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being used as a means of travel or transportation by water, or their cargoes, and there appears to be no decided case in which a maritime lien for repairs has been enforced against an object of any other description. It is a very nice question whether a hydro-aeroplane may not fall within this rule, but there is nothing to indicate that the machine in the principal case was anything other than an ordinary aeroplane.
THE PROPER SCOPE OF THE DOCTRINE OF EQUITABLE SERVITUDES. - Since the time when Lord Cottenham created an equitable appendix to the law of servitudes,' the question as to the nature of these rights and the limits within which they should be enforced has been a vexing one. This extension of the law resulted from the narrow legal rules governing covenants running with the land and easements. In order that the burden may run with the land at law, in England the covenant must be between a lessor and lessee or their assignees, to fulfill the requirement that there be privity of estate between the covenanting parties. In some of the United States covenants have also been allowed to run when the covenantee's owning an easement in the covenantor's land constitutes the only privity of estate. The law of easements was also strict. Not only was appurtenancy to a dominant tenement required," except in a few states, but also, from the principle that easements must not create rights of an unusual or capricious character, the kinds of easements became limited, and with a few exceptions were not recognized in the case of negative restrictions on the servient tenement.8
The cases in which equity first enforced restrictive agreements did not purport to add to the law of easements and covenants, but based their relief on the principle that it was inequitable, because of unjust enrichment, for a person who had notice to take property free from a restrictive contract which the owner had made concerning its use." This was really arguing in a circle, for the vendor would sell at less than the full price only if the law were that the vendee did not take free of restrictions. Furthermore, there are no cases refusing to bind the vendee because he in fact made no profit. This vague explanation, therefore, gave no limits to the extent of the doctrine. The first hint of a more definite standard came when Sir George Jessel perceived that Tulk v. Moxhay 10 was really an extension in equity either of covenants running with the land or of negative easements.11 The latter analogy seemed triumphant when dominant and servient tenements in regard to which the restriction might apply, were held necessary.12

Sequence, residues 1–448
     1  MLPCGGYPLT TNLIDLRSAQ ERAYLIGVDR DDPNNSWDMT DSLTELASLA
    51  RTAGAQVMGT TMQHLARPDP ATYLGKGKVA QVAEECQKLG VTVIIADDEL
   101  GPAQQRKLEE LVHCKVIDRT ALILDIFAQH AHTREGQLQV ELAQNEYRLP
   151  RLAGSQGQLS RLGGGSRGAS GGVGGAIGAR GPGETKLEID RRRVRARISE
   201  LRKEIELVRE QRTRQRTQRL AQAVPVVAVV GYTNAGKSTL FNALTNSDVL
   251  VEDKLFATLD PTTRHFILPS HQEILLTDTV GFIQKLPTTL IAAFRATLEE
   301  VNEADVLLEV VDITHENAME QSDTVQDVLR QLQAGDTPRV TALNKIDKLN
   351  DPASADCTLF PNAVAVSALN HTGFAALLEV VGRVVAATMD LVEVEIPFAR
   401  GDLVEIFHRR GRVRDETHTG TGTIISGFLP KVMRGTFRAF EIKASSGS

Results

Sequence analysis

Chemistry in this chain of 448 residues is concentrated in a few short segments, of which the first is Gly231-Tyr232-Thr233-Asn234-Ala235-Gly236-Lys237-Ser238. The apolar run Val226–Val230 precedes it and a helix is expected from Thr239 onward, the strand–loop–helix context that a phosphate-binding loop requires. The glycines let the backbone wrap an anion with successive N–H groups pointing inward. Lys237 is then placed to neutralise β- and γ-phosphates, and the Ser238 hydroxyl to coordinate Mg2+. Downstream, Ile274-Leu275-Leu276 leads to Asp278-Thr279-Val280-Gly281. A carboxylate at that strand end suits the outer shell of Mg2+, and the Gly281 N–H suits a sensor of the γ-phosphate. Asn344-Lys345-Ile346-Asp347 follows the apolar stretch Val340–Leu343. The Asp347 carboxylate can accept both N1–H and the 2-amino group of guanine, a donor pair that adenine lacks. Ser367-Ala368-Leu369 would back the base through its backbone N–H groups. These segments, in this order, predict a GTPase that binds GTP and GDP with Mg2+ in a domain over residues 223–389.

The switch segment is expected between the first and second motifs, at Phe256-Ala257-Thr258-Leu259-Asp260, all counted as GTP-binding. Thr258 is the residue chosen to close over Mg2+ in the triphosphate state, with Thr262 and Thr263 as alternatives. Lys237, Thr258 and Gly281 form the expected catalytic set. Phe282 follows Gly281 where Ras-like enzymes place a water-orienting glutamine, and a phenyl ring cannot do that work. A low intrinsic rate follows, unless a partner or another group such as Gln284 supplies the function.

8 The Big Jim, 61 Fed. 503. See authorities cited in The Starbuck, 61 Fed. 502, and AMES, CASES ON ADMIRALTY, 75, n. Flotsam, jetsam, and ligan must of course be embraced in the term "cargo” to render the above statement accurate.
1 Tulk v. Moxhay, 2 Ph. 774.
? Stat. 32 HEN. VIII., c. 34, enlarged the common-law rules which had allowed only the assignee of the lessee to sue and be sued.
3 Keppell v. Bailey, 2 My. & K. 517; Austerberry v. Corporation of Oldham, 29 Ch. Div. 750, 781. * Morse v. Aldrich, 36 Mass. 449.
5 Rangeley v. Midland Ry., L. R. 3 Ch. 310; see also Ackroyd v. Smith, 10 C. B. 164.
6 Goodrich v. Burbank, 94 Mass. 459.
? Per Lord Brougham, Keppell v. Bailey, supra, at 534; Hill v. Tupper, 2 H. & C. 121. See GALE, EASEMENTS, 8 ed., ch. 3, for a compilation of the various kinds of easements allowed at law in England.
8 GALE, EASEMENTS, P. 24, names only three negative easements which are recognized in England, i.e., easements for light and air, for support of neighboring soil, and to receive the flow of water in an artificial stream.
9 Tulk v. Moxhay, supra; Haywood v. Brunswick Permanent Benefit Building Society, 8 Q. B. D. 403. In Hall v. Ewin, 37 Ch. Div. 74, 79, Colton, L. J., said, "If a man buys land subject to a restrictive covenant, he regulates the price accordingly," and concludes that it would be unfair to let him now have the land unrestricted. Dean Ames supported this view. Ames, LECTURES ON LEGAL HISTORY, P. 385.
If equitable servitudes are, then, an addition to the law of easements, what must be the nature of the dominant estate to which they attach? At law one incorporeal estate might be appurtenant to another.13 There is authority to the effect that an easement can be appurtenant to a profit,14 or to another easement. In equity the necessity of a dominant tenement is at least as easily complied with as it is at law. The courts have allowed equitable servitudes to attach to one chattel for the benefit of another chattel,16 and have even allowed a servitude to attach to one business in favor of another business.17
In a recent case the English Court of Appeal seems to have taken a stricter view as to the characteristics necessary to constitute a dominant tenement. London County Council v. Allen, (1914) 3 K. B. 642.18 A landowner agreed with the London County Council not to build on property which the Council wished to use later for street purposes, at the end of a street they were then opening. It was admitted that under the English law the covenant would not run at law,19 and the court denied that it attached in equity, on the ground that there was no dominant tenement. The possibility that the public right in the streets might be a sufficient dominant estate was not considered, although this right is usually termed an easement;20 and even authority which doubts this terminology does not suggest that the interest of the public is not a true property right. It is therefore submitted that this restriction attached to the benefit of the public user in the streets, and that the London County Council in charge of such public interests was the proper body to enforce it.22
10 Supra, n. 1.
12 Formby v. Barker, (1903) 2 Ch. 539; see Peck v. Conway, 119 Mass. 546; Webb o. Rollins, 77 Ala. 176, 183.